Cynotilapia zebroides (Johnson, 1975)
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Family:  Cichlidae (Cichlids), subfamily: Pseudocrenilabrinae
Max. size:  9.33 cm SL (male/unsexed)
Environment:  benthopelagic,
Distribution:  Africa: circum-lacustrine distribution in Lake Malawi (Ref. 5664, 88848).
Diagnosis:  Dorsal spines (total): 17-18; Dorsal soft rays (total): 7-10; Anal spines: 3-3; Anal soft rays: 6-9. Diagnosis: This species of Microchromis is characterized by a blue pattern with dark vertical bars on body, enhanced in dominant specimens, and usually extending onto the dorsal fin; similar to Maylandia zebra and other species in that complex with which it shares the same overall colouration, namely blue ground colour with strengthening melanic pattern in dominant males, extending onto the head, but it differs from these mainly by dentition: teeth on outer rows short and conical, regularly decreasing in size from symphysis to corner, vs. bicuspid in Maylandia (Ref. 88848). It differs from Microchromis aurifrons by its less heavily black pattern and vertical stripes on head, joining on brow (Ref. 88848). Description: Small to medium sized mbuna; body moderately deep; dorsal profile slightly rounded, ventral profile straight; dorsal fin high, in adults soft portion of this fin more pronounced in males than in females; caudal fin with two rounded lobes separated by a shallow notch; head rounded, slightly concave between eye and upper jaw, especially in big specimens; snout short, more prominent in adults, especially males; mouth slightly prognathous and upturned (Ref. 88848). Teeth: 2-3 rows in both jaw, curved inward, short and conical in most outer row, decreasing in size from symphysis to corner of mouth; teeth of inner rows more sparse, smaller in size than in most outer row (Ref. 88848). Scales cycloid, 2-3 scale rows on cheek (Ref. 88848). Colouration: live colouration of dominant males: body intense light blue, usually 8-9 vertical dark stripes on sides of the body, with first immediately behind operculum, slightly sloping anteriorly; its top usually joining its counterpart on other side before first dorsal fin ray; six vertical bars under dorsal fin, decreasing in thickness posteriorly; 1-2 indistinct bars on caudal peduncle, fading almost completely; body stripes extending onto dorsal fin, joining to a black submarginal band in most specimens; one black bar on head strongly sloping anteriorly, joining on brow with its counterpart, and two horizontal interorbital bars, all included in a black cephalic mask in dominant males, so head appears mainly black with two interorbital blue bars; upper blue 'inter-bar' extending behind eye; posterior edge of opercle with brilliant blue-green spot (Ref. 88848). Overall colouration of dorsal fin blue, with yellowish orange band above black submarginal band and whitish lappets; soft dorsal fin parts speckled with ocelli-like yellow spots, smaller than anal fin ocelli; anal fin blue, with black marking at base of the spinous portion; 3-6 anal ocelli of yellow colouration, surrounded by transparent area, well delimitated, increasing in number with size and age, usually extending from soft parts to third spine of this fin; pelvic fin black, with a thin blue-white marginal stripe; caudal fin blue, with thin black stripes along rays and along upper and lower edges of this fin (Ref. 88848). Female colouration: main colour brown, tinted by a blue hue in some specimens, with a melanic pattern more pale than in males; yellow colouration of dorsal fin as in males; a yellow tinge also present on caudal and anal fin; melanic marking same as in males, but weaker, sometimes not visible; anal ocelli present, but smaller as in males (Ref. 88848). Melanic pattern strengthens in most dominant males, with some individual variation; intermediate males or dominant females with less visible stripes; in females, melanic pattern follows same variation according to aggressivity as in males, more visible in dominant females; subordinate males are uniformly pale blue, subordinate females and juveniles are pale, without black margins (Ref. 88848).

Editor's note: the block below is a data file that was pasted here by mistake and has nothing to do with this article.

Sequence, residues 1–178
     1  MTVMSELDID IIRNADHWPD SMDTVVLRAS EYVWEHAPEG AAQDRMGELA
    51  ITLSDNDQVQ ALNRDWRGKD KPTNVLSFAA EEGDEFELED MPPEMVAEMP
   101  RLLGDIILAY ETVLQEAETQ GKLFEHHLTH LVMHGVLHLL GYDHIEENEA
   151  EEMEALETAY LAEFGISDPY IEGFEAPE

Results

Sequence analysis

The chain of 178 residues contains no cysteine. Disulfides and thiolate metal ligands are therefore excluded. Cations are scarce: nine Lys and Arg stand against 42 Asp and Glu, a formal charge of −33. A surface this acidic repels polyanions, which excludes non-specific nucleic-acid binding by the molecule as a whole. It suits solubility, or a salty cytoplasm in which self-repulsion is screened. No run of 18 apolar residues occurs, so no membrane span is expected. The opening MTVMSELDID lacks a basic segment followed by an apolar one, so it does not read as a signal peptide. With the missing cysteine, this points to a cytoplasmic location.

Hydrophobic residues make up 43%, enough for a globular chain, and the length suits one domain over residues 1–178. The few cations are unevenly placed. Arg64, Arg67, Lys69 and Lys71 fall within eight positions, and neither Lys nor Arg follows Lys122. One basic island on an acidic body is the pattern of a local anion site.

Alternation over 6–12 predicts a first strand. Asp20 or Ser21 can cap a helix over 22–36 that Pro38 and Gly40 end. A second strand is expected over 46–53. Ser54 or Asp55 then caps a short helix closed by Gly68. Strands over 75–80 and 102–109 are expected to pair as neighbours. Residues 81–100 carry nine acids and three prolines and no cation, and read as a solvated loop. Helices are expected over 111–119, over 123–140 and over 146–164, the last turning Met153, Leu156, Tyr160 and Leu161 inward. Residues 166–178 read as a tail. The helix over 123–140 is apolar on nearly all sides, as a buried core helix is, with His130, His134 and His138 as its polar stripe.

Biology:  Found in all rocky habitats of Lake Malawi (Ref. 88848).
IUCN Red List Status: Least Concern (LC); Date assessed: 22 June 2018 Ref. (120744)
Threat to humans:  harmless
Country info:   
 

Entered by: Sa-a, Pascualita - 31.08.93
Modified by: Boden, Gert - 07.02.19
Checked by: Sa-a, Pascualita - 21.03.94

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